Imagine a Premiership striker guesting for a Sunday League side. They would score many more goals than usual, but the vast majority would be netted by their new recruit. The benchmark figure for a talented scorer playing for a side of Chelsea’s overall quality is that he would expect to score between 15 to 20% of their goals…and he’d usually be exclusively a striker.
Lampard’s Scoring Record As a Proportion Of Total Chelsea Goals
|Season||% of Goals Scored Whilst On The Pitch|
Very little work has been done on the ageing patterns for goal scorers, but based on other sports, the mid to late twenties is likely to see a typical striker at his peak. Some players do appear to carry their ability past this peak, but the reason why 30+ year old strikers stand out from the crowd is because so many of their particular vintage are no longer playing at any level.
Lampard’s first two seasons at Chelsea saw him contribute his smallest proportion of Chelsea’s goals whilst he was on the pitch, but still record impressive levels for a midfielder. Thereafter, he has recorded numbers that would be well regarded had they been scored by a primary striker. His output has even remained on a very gradual upward curve with a standout year in 2007-08 when he was 29, although that year was also curtailed by injury and smaller sample sizes can often lead to abnormally high or low results.
Overall the numbers demonstrate the huge contribution made by Lampard to Chelsea’s goal scoring, even if we remove his frequently successful penalty kicks. More importantly for any potential buyer, Lampard shows little sign of an immediate decline in his scoring ability, even as he moves well into his 30's.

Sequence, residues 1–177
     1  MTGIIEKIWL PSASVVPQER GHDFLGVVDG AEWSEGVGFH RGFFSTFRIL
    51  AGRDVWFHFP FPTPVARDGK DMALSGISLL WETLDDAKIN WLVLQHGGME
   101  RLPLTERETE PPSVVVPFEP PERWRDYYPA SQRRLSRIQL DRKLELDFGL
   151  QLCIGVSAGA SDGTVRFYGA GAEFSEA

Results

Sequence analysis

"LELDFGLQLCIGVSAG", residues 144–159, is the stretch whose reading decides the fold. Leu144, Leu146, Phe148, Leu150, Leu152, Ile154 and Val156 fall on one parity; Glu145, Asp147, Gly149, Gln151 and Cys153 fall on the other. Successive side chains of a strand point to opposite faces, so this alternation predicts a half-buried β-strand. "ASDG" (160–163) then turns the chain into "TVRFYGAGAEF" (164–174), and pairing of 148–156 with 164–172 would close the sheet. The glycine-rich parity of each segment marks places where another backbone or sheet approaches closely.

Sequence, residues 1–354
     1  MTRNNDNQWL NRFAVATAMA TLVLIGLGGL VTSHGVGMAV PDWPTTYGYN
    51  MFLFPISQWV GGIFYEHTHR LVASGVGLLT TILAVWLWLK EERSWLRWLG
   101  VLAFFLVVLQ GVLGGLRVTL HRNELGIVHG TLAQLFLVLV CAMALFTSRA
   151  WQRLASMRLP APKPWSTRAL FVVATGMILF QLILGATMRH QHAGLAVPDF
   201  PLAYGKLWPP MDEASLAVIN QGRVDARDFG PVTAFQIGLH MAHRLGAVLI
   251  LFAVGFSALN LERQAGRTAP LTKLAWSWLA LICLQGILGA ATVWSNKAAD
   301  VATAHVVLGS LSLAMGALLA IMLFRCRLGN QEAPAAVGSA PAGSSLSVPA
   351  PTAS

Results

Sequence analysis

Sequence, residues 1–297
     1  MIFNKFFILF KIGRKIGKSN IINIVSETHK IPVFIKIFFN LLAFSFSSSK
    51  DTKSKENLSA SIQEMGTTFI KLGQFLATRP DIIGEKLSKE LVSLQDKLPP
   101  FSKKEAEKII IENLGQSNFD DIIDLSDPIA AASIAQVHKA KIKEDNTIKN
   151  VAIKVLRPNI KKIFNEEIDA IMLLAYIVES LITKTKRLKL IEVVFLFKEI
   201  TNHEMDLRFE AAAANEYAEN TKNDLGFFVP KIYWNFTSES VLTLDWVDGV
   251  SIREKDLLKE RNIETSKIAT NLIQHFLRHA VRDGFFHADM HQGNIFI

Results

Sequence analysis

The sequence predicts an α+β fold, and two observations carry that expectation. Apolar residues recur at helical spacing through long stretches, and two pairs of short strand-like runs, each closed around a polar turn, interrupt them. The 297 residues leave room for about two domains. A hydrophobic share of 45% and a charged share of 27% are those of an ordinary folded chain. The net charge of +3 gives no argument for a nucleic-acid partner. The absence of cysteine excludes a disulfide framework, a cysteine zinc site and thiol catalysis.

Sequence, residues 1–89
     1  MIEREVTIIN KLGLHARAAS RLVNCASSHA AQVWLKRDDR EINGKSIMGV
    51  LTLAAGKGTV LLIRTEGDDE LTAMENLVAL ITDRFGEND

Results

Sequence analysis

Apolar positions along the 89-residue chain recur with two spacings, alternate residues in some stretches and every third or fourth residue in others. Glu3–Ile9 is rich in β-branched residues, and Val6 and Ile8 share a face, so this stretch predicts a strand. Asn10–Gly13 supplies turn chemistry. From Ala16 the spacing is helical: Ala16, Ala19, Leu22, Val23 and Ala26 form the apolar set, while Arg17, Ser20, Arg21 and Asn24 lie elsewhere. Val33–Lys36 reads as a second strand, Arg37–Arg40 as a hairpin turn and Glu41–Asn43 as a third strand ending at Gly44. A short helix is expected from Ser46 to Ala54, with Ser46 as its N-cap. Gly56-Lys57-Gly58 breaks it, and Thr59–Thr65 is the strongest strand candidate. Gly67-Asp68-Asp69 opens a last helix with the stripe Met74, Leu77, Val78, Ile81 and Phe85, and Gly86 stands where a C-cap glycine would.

Success On Goal
We can further examine Lampard, the goalscorer by examining the fate of his recent attempts at goal in the Premiership compared to the success expected from an average player. The model estimates the likely outcome of a goal attempt based on shooting position and naturally will be over represented by attackers and midfield players.
Lampard’s Shooting Efficiency Compared to an Average Player
|Season||Predicted Shots On Target||Actual Shots On Target||Predicted Number Of Goals||Actual Number Of Goals|
Once again Lampard's ability shows little sign of decline. He has gained a well deserved reputation for shooting from distance. His average attempt over the last three seasons has seen him shoot from just inside the box and 4 yards wide of either post, but both his accuracy and goal production has been above average over those three seasons.
Brian Clough always sought to unload players before their decline was evident, partly to command a high transfer fee. Chelsea has no such financial concerns, but they too appear to be willing to offload a player who is still playing at a high level.
The managerial positions are still undecided and they have half a season to bed in new recruits for a renewed assault on Europe. Lampard is obviously not part of those long term plans. His injury plagued 2007-08 year should be also viewed in light of his absence from England’s Euro campaign and even the best teams should seek to avoid keeping players who may become increasingly injury prone.
However, although age will eventually catch up with Chelsea’s soon to be former number eight, his truly amazing scoring feats appear to indicate that he should prove to be a valuable asset for any team, at every level, for at least a couple more years.
The Odds: Skybet has Manchester United the favourite to claim Lampard's services at odds of 3.50 while any MLS club is 4.00.
Read more of Mark's work on his The Power Of Goals blog
And follow Mark of Twitter: @MarkTaylor0